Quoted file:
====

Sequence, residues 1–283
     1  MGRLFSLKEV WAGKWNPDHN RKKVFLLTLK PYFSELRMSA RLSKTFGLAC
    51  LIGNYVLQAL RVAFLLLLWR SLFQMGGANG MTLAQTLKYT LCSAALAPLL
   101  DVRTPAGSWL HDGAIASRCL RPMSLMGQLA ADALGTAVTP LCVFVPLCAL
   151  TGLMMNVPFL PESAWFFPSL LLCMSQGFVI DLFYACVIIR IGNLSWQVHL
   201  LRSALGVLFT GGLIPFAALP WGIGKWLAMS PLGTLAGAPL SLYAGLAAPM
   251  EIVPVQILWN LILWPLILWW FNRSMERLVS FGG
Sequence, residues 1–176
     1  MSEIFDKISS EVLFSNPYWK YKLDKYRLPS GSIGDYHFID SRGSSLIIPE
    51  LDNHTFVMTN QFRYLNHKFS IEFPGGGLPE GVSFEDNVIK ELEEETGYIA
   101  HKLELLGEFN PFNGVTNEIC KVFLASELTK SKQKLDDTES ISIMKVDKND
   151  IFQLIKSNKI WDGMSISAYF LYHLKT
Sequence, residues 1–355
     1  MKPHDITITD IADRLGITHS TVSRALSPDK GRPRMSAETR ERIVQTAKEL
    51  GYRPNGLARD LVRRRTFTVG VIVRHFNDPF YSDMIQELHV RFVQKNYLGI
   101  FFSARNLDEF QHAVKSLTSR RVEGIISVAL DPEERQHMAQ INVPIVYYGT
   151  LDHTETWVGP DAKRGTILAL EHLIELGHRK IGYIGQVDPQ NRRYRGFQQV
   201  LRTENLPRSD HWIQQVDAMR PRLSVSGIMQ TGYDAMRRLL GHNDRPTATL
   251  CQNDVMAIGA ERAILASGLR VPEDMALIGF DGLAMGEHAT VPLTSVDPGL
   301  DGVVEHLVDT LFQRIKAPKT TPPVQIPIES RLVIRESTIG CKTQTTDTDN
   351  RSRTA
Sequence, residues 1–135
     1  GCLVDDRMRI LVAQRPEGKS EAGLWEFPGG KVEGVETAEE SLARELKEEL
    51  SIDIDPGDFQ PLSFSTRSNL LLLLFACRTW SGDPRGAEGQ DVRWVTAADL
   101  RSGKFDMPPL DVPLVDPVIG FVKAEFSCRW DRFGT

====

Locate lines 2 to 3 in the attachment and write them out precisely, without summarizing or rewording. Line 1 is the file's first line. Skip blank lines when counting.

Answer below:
     1  MGRLFSLKEV WAGKWNPDHN RKKVFLLTLK PYFSELRMSA RLSKTFGLAC
    51  LIGNYVLQAL RVAFLLLLWR SLFQMGGANG MTLAQTLKYT LCSAALAPLL